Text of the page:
“Keep on running, grandad!”

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My daughter, Sophie, running in Cambridgw parkrun today (loving the camera, obviously). On this occasion she just beat me. Another daughter, Isobelle, ran Dulwich parkrun and son Dan did Valentines Park parkrun, coming in third but unfortuntely forgetting his barcode (so recorded as unknown).Doh!

I’m trying to get into better form for another couple of half marathons and the first one is next weekend at Wimpole Estate. I think I’m having  a little trouble with this distance at the moment because I’m not running the training mileage. I did, however, do a long run into Cambridge along the river Cam yesterday and found several hundred school kids walking towards me on the narrow towpath. I don’t believe they came out en masse to obstruct me but they certainly did not know a top class runner was at work. Several girls gave positive encouragement but just imagine my chagrin when one boy called out “Keep on running, grandad.” What! Surely I look like the young Clint Eastwood circa the Dollar films. Obviously the lad had perceptual difficulties. Anyway, I avoided crashing into the people looking down at their mobiles or falling into the river and ran 13 miles. I needed a rest after this but after a good night’s sleep parkrun was fine, albeit a bit slower.

Apart from the St Neots half in November, I’m doing a couple of 10k races in October including the Cambridge Town and Gown (around central Cambridge).

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Three unfinished models. So many more in the pipeline.

Boris Johnson! With a bit of luck, he’ll be the next Tory leader and bring the evil Tories into complete disrepute. A mildly successful comedian but a dangerous politician. A number of rungs down the ladder from Trump’s malignant narcissist. God save America and us all!

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Our first born courgette!

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I feel the wheel barrow adds a certain dramatic licence to the harvesting of our first courgette. And do they grow quickly! I could hardly believe it. In complete contrast with purple sprouting broccoli which took almost eleven months before picking (in fact I had to issue a series of warnings about their behaviour and was about to grub them up when they condescended to perform. If vegetables could be said to be lazy and moody, look no further than sprouting broccoli).

G reen Minds therapeutic garden is looking good at the moment. I’m extending the area to make new crop beds and I’ve got some money to buy a 3m x 3m shed which will free up the polytunnel of clutter and provide more growing space. I’ve also bought a small green house.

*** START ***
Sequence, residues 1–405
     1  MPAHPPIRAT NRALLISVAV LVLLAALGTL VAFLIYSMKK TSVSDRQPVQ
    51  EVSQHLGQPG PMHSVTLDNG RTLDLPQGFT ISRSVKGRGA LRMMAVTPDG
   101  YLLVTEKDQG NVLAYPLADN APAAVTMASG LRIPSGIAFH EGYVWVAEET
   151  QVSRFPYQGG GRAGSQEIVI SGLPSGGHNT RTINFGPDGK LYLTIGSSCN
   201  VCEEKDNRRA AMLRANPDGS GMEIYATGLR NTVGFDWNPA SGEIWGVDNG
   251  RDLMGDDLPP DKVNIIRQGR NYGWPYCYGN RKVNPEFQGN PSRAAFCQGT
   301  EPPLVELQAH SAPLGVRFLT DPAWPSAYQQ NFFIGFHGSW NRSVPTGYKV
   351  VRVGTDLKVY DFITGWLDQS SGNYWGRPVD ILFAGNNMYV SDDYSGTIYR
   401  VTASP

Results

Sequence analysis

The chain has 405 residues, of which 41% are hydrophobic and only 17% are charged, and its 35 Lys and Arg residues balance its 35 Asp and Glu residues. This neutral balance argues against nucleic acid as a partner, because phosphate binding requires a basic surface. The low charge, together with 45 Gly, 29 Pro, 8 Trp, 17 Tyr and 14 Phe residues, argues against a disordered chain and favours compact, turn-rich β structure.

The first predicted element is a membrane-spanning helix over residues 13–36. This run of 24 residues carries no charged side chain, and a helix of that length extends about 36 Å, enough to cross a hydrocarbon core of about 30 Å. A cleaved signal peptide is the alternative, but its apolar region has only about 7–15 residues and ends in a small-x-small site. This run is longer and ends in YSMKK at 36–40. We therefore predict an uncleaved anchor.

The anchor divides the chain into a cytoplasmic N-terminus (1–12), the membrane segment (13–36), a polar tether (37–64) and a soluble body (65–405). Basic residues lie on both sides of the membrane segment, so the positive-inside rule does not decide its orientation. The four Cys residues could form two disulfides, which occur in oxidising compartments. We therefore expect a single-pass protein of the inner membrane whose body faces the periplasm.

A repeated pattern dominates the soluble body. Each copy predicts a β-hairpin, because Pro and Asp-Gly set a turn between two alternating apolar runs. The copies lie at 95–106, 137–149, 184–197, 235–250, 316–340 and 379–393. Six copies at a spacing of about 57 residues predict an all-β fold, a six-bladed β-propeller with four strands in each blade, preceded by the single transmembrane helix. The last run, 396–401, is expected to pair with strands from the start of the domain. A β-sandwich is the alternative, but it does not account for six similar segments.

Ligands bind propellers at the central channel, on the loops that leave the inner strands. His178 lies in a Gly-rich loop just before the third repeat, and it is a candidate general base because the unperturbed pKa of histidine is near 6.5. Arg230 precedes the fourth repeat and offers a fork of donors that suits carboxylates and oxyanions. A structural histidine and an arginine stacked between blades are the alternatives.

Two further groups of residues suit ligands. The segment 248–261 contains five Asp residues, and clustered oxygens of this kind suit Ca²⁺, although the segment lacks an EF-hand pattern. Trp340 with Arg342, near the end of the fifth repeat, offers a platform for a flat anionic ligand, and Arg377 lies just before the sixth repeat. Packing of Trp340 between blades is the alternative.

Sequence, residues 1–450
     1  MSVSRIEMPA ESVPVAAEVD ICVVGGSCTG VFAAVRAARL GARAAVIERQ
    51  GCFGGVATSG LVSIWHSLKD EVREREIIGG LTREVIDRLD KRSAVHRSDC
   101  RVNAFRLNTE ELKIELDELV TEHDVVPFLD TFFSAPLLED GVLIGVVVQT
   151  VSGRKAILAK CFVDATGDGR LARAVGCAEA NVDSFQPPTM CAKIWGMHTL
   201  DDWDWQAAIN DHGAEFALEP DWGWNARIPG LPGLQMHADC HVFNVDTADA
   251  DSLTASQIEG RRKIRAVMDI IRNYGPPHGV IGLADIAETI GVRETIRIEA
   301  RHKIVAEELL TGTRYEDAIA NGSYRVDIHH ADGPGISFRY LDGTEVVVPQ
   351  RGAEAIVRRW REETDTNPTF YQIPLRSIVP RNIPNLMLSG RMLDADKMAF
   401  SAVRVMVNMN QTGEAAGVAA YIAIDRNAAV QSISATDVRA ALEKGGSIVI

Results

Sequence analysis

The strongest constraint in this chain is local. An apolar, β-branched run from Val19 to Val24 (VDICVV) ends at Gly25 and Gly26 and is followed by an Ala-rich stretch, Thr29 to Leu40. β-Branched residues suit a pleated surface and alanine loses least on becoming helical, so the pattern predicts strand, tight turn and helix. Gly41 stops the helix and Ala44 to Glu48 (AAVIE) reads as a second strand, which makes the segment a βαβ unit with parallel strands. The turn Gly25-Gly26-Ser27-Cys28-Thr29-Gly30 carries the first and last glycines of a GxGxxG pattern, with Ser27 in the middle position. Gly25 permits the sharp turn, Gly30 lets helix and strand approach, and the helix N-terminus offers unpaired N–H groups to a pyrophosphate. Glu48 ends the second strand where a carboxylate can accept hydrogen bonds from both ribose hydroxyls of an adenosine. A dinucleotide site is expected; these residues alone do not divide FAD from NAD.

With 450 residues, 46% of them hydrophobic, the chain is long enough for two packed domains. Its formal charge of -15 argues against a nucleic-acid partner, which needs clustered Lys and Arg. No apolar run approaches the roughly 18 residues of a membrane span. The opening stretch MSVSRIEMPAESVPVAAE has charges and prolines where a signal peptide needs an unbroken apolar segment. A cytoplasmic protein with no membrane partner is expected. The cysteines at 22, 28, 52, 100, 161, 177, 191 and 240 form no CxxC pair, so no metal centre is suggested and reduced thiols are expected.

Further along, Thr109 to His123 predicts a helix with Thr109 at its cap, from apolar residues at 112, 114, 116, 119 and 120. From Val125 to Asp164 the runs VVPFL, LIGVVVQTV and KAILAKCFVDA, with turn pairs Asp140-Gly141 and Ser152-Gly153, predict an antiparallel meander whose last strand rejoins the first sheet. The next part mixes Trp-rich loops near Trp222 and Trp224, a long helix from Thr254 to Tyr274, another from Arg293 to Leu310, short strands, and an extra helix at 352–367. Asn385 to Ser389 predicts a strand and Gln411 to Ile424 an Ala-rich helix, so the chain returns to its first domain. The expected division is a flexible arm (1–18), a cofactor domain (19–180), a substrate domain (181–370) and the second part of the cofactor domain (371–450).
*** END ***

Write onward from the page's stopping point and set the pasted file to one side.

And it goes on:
And so to running. A week ago, when it was hot, I went for a run of just under 10 miles. I’m still not running very frequently but I’m still going to the gym and maintaining a reasonable level of fitness. I needed to go for a longer distance than 5k or my standard 5 miler. What did I learn from running nearly 10 miles in the heat?

1. You get hotter, sweat more profusely and become thirstier compared to cooler weather.

2. The heat doesn’t seem to put many people off running.

3. It felt very manageable while I was running but I sweated buckets when I got home.

4.I felt lethargic for a coupe of hours afterwards.

5. I took my blood pressure and pulse as soon as I got home and again 4-5 minutes and 15 minutes later. This ranged from 113 over 69 with pulse 110 to 95 over 66 with pulse 94 at 4-5 minutes. At 10pm the best of three readings were 113 over 62 with pulse 54. I was happy with this. I know my blood pressure is much more under control compared to the past and prior to my heart attack eight years ago but it’s still nice to know running is helpful.

6. You need to drink over several hours to get properly hydrated.

7. I felt sheer delight when a couple of butterflies accompanied me along the riverbank for around 70 metres. They kept pace with me and danced around each other. Wonderful.

I may have learnt other things, currently lost to recall. If they present themselves, I’ll big them up in my next blog.

Drabness with knobs on – beyond dreigh!

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Extremely dull weekend. Grey blanket cloud, drizzle, sleet, occasional cutting winds, temperatures around zero. The poor light affects my mood so even more reason to go running.

I ran around 7.5 miles this morning. From where I live it’s  3 miles to the river Cam and I ran about 4.5 miles along the river path. Loads of runners out, mostly training for the Cambridge half marathon. After the A14 flyover a dozen or so university rowing eights were on the Cam with all their support personnel. They looked cold! I think there’s a lot of hanging around. I suppressed an urge to advise them to retire to their refectories or libraries and have a game of darts in the warm. Instead I wove a path between oars and the coachs et al and sprinted on into the gloom, my bravado unacknowledged. 25 minutes later, I met up with my own support team (Lorna) who picked me up at the Green Dragon pub. This run was an outward journey only. Oh yes, and a first tryout for my new shoes. Loads of standing water and mud on the path. They felt very good.

Yesterday the conditions were very muddy at Cambridge parkrun and trail shoes were essential. Again, very overcast and cold. I wore suitable kit to combat the weather but it was still uphill work. And that’s saying something on a totally flat course.

The pic at the top shows the Shard tower and to the right the giant chimney stack of the Tate Modern gallery. The rectangular building on the right is a recent extension, Switch House and you can see the outside viewing level just below the top. This viewing level attracted much criticism from the residents of multi million pound flats who were overlooked by the gawping proletariat determined to enjoy all aspects of the 360 degree panarama.

I have some limited sympathy. Some of the apartments  have visible blinds. But I also assume that buying such transparently open accommodation fits in with their comfort zone which includes living in a goldfish bowl. I didn’t actually see anyone moving inside or much evidence of clutter. Or books. That’s outrageous.

You can access the sandy foreshore  of the Thames when the tide is out ( not recommended when the tide is coming in). To walk along the beach feels exciting and remote and very different despite being within a few metres of the madding crowd.